"It's clear that there is an element of discrimination"
Pakistani student Shafay Shoaib had his visa cancelled by a UK university even though he had met the attendance requirements after a warning was issued to him.
Shafay was a first-year student at Royal Holloway, University of London.
He received the news of the visa cancellation after significantly improving his attendance and meeting the set requirements.
The university has also refused Shafay’s right to appeal while not applying the same rule in case of students from other countries.
Shafay explained: “I joined my course late because my visa was delayed by the Home Office. How could I attend classes when my visa hadn’t even arrived?
“A few of my friends had lower attendance than me but their visas haven’t been impacted. Why are they targeting me?
“It’s clear that there is an element of discrimination in my case.
“I have fulfilled the requirement, I like this university and I want to study here but the university is hanging me out to dry from some unknown reasons.”
Shafay has revealed that the ordeal has led to him facing mental health problems.
In the warning letter, Shafay was told to show sustained improvement over the next four weeks. He was required to attend all classes, submit all required coursework by the deadlines and to attend all required assessments.
Following the warning, Shafay kept a 100% attendance record, however, he was called into a meeting with the university administrations Visa Officer.
The Visa Officer ended up revoking Shafay’s visa disregarding his improved attendance and deeming his reasoning of being mentally depressed and his inability to adjust in the first term as an unsatisfactory reason.
Although the student increased his attendance to 64%, the UK university sent him an email which stated that they had reported him to the UK Border Agency (UKBA) and that his visa had been cancelled.
The email read:
“Your attendance level as of 02/03/2020 was 64% and you had 14 unauthorised absences. You were issued with a First Formal Warning on 07/01/2020.
“However, I note that your student registration at Royal Holloway, University of London has been terminated due to a Tier 4 Visa Breach and you are now classified as a leaver.”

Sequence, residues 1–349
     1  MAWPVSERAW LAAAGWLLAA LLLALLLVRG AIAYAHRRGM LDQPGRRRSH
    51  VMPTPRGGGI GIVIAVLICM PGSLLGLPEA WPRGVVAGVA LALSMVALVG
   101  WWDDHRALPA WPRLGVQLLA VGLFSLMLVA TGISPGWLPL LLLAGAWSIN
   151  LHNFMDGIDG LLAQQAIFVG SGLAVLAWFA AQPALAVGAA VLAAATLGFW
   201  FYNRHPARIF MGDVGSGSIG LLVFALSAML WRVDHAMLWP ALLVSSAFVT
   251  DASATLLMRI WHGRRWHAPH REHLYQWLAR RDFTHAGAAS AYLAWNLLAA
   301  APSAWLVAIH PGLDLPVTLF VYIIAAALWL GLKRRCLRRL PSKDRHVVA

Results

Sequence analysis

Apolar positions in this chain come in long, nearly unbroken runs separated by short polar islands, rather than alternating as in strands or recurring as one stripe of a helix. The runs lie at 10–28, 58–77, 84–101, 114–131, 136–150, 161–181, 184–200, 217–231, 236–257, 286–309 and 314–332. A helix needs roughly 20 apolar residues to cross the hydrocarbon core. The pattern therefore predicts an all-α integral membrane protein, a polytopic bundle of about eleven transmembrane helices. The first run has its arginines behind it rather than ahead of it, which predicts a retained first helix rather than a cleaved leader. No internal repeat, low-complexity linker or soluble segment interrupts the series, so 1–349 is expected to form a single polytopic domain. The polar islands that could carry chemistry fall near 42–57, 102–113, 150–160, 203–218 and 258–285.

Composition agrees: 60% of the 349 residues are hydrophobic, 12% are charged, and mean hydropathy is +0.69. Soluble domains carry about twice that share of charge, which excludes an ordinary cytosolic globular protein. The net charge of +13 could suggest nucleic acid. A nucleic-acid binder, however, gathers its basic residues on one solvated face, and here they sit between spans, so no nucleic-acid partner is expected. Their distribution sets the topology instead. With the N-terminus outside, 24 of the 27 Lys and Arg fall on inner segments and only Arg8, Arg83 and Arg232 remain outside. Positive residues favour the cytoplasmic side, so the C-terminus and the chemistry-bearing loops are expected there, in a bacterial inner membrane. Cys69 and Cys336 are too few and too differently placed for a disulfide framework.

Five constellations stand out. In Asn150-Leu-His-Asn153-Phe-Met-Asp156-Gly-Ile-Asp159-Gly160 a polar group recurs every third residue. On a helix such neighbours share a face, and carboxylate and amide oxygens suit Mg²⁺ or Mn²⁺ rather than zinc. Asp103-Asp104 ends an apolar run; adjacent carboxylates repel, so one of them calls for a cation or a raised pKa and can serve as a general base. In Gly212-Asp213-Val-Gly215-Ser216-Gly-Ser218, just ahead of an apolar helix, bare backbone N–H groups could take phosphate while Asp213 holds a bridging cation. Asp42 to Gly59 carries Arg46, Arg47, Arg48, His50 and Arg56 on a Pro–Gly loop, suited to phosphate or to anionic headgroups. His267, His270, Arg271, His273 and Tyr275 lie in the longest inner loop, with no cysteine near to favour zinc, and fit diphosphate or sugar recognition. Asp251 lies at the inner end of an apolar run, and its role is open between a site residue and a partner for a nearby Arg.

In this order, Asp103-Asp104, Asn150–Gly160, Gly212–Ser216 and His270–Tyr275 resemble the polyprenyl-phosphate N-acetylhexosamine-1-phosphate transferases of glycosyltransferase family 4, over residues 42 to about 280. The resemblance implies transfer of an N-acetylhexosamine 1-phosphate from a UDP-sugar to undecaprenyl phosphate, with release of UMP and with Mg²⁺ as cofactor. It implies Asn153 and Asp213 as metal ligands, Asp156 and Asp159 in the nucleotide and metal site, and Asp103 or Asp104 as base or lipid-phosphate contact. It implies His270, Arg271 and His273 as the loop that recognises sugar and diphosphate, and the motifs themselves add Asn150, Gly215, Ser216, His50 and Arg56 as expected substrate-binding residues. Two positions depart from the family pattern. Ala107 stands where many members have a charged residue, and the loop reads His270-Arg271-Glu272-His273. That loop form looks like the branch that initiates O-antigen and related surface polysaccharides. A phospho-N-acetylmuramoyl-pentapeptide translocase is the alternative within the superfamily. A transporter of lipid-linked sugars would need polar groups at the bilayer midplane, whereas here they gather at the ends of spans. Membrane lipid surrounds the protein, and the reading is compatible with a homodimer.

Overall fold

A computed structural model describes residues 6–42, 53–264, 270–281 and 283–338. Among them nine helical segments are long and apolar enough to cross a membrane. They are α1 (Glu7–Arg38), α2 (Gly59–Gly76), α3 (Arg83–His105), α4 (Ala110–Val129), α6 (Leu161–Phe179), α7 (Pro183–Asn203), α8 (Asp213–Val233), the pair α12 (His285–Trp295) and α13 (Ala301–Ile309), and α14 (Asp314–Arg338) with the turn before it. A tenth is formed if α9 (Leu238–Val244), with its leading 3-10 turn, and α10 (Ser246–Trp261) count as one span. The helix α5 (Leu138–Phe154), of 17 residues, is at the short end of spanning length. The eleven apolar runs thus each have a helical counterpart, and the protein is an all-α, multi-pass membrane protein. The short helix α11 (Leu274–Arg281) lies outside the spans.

Shafay’s father has travelled from their home in Lahore to London to support his son’s case. He said:
“I am very stressed. As a father, I worked hard to provide a good education for my children but now we are at the mercy of the university which has treated my son extremely unfairly.”
Mr Shoaib explained that he tried contacting the Visa Officer only to receive a reply from staff members saying that the Visa Officer would only reply through email.
He added that the university’s actions have resulted in his wife being admitted to the hospital due to stress.
Mr Shoaib questioned:
“Who will be responsible if anything happens to my wife? Do Royal Holloway and the UKBA understand the stress they cause to families?”
Over 10,000 Pakistani nationals are studying at UK universities.
International students have to pay double the fees as local students but many argue that despite paying more and fulfilling the criteria, they do not get equal rights and are systematically discriminated against.
On March 2, 2020, the university wrote to Shafay:
“We reported the termination of your student registration disciplinary reasons – Tier 4 Visa Breach at Royal Holloway, University of London to the UK Visas and Immigration (UKVI) office on 24/02/2020.
“Please kindly note that failure to attend classes or complete assessments in line with UK Visa and Immigration (UKVI) requirements has resulted in your sponsorship being withdrawn, your visa being cancelled and your registration with the College being discontinued.
“This discontinuation of registration due to a breach in Visa requirements is conducted independently of the College’s formal warning process as outlined in your formal warning letter issued to you on 07/01/2020 and the decision is not open to appeal.”
Mr Shoaib has spent over £40,000 on his son’s education and living expenses in the UK.
Shafay told Geo News:
“I attended the lectures but had problems figuring out when and where my classes were in the beginning of the semester as was the case with many of my fellow students.
“In addition to that, I struggled with mental issues regarding fitting into the new environment and adjusting myself according to it.
“The mental depression played a very big role in my lack of attendance in the first semester. But I never let it affect my academic ability and scored four distinctions in all four of the modules that I took.
“Once I was settled in my attendance I got better as well which is evident by the 100% attendance record I have maintained since 10/01/2020.”
Shafay plans to seek justice by taking his case to court.